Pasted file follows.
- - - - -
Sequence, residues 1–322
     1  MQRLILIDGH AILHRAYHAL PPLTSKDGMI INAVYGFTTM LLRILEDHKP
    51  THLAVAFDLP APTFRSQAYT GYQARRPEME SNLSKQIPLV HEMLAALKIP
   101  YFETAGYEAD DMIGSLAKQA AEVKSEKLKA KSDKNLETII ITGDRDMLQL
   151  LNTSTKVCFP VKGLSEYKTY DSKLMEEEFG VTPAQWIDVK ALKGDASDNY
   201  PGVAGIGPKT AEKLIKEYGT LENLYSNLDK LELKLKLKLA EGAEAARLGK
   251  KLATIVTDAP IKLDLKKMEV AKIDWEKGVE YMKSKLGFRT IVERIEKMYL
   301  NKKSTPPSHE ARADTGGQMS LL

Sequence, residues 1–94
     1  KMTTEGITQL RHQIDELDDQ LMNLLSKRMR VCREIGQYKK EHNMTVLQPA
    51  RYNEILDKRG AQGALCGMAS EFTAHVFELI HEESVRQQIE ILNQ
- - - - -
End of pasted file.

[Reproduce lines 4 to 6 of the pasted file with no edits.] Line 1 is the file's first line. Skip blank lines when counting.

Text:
   101  YFETAGYEAD DMIGSLAKQA AEVKSEKLKA KSDKNLETII ITGDRDMLQL
   151  LNTSTKVCFP VKGLSEYKTY DSKLMEEEFG VTPAQWIDVK ALKGDASDNY
   201  PGVAGIGPKT AEKLIKEYGT LENLYSNLDK LELKLKLKLA EGAEAARLGK